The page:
What Israel lacks most is the sense of religious community that we have, for example, in Teaneck. Whereas our lives can revolve around the shul, and there is a community rabbi to whom we turn, that institution is mostly lacking in Israel, and American expatriates always tell me that is what they miss most. There is a nearby shul located on Shabbat in a school (known to the Israelis as the “American shul”), where they are trying to replicate that American-Jewish experience, with a fine young Rabbi, social and youth activities, shiurim, ruach, etc. – and they are in the early stages of what will surely be a successful endeavor and hopefully a template that other communities can emulate.

 

      But without a central Rabbinic figure, most shuls remain lay-driven (with all the positives and negatives that portends). They exist as a place to daven, period. (A Yemenite Jew, who had duchened – I had washed his hands – was called up for revi’i. When I inquired, the gabbai said he had wondered the same thing, and perhaps the Yemenites have a custom that the kohen can get any aliya. I responded that perhaps the Yemenites have a custom that a Yisrael can duchan too !) Without a central authority, strange things can happen.

 

      The bright side is that people become more involved because the success of each minyan depends on every person. While the local shul here remains to be built, there are minyanim on the street, and an especially beautiful Maariv minyan every night at 9:30 P.M. under the stars in the park on our corner. Literally out of the darkness within a minute from 9:29 P.M., approximately 25-30 people materialize, face Yerushalayim, and daven in the crisp evening air. In addition to a Monday night shiur in English, I have been asked to speak in several shuls (in Hebrew) on a number of occasions – and I have, surely coining a few heretofore unknown Hebrew words in the process.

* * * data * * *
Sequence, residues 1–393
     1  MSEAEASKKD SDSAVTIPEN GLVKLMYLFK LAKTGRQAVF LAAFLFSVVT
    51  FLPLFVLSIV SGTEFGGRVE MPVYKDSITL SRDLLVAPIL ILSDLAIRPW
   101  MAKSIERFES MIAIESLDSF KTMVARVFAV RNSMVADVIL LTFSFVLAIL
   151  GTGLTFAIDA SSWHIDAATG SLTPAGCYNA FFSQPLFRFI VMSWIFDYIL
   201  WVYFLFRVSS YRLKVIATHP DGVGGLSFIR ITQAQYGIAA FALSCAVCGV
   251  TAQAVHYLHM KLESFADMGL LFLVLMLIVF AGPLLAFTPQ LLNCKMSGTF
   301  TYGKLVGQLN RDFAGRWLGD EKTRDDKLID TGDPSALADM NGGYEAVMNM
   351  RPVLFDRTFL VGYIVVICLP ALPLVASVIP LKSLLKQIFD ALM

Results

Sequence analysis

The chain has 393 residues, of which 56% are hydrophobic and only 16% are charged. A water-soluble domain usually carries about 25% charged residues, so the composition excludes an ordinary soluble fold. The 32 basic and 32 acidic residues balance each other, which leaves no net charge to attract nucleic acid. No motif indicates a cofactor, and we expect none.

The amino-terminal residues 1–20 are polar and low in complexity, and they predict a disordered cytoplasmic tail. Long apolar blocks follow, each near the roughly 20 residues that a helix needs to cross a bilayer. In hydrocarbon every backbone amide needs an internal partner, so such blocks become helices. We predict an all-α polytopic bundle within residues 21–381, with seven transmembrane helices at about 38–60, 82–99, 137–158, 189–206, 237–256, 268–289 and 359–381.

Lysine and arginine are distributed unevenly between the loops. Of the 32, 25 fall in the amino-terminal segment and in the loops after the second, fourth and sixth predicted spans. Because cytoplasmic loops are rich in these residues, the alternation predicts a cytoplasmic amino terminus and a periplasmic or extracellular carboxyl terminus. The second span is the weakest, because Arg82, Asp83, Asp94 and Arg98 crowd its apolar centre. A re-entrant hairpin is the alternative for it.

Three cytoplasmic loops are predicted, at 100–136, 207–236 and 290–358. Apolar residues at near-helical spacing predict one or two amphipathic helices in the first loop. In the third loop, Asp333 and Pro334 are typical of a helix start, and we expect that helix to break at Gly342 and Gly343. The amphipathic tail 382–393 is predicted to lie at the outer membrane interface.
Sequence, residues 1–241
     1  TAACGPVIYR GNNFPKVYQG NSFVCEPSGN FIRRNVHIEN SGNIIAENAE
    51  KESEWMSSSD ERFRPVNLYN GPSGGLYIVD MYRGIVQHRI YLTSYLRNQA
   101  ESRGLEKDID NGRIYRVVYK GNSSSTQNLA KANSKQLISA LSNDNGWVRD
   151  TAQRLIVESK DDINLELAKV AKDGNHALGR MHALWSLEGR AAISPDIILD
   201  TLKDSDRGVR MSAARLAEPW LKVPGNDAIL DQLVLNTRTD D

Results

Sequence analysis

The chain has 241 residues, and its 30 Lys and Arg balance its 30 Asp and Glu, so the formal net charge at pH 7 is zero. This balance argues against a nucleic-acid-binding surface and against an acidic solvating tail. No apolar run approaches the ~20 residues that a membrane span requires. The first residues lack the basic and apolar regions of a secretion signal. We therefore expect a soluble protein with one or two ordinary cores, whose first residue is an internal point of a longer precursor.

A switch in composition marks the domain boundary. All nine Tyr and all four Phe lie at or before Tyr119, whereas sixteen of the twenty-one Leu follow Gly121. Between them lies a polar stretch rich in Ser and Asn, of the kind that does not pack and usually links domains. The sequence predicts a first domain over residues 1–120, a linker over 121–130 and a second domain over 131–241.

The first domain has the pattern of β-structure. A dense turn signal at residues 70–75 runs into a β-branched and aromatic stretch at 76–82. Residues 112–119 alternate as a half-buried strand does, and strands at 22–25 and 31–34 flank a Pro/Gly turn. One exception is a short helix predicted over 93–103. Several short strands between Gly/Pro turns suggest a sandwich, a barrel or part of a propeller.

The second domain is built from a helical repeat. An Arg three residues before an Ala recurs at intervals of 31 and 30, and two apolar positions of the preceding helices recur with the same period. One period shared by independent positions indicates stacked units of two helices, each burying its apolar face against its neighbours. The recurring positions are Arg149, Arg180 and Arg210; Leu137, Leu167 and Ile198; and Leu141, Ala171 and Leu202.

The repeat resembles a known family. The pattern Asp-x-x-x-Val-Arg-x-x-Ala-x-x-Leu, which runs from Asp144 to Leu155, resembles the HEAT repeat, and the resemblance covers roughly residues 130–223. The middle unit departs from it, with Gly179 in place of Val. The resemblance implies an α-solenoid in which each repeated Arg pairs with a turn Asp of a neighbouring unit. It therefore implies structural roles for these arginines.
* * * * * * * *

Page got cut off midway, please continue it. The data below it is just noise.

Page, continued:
Religious life, then, is suffused with normalcy, except for the realization – by most people but especially olim – that to build Jewish life in the land of Israel is historic, momentous, and – there is no other way to say it – the way it is supposed to be. And perhaps that is what the Rema meant. Simcha is a sense of contentment and completeness about life, in which an aura of purposefulness and meaning prevails. The Birkat Kohanim reflect that state of being, and when we abstain from Birkat Kohanim in the exile – except when immersed in the joy and sanctity of Yom Tov – we recognize that we either can not or should not have that sense of completeness – the full blessings of Jewish life – on a regular basis.

 

       That feeling is limited to when the Jewish people live in Israel, fulfill the Torah and serve G-d in all aspects of life – as will be the destiny of all Jews, we pray, in the near future.                   

                                         Shabbat Shalom from Modiin !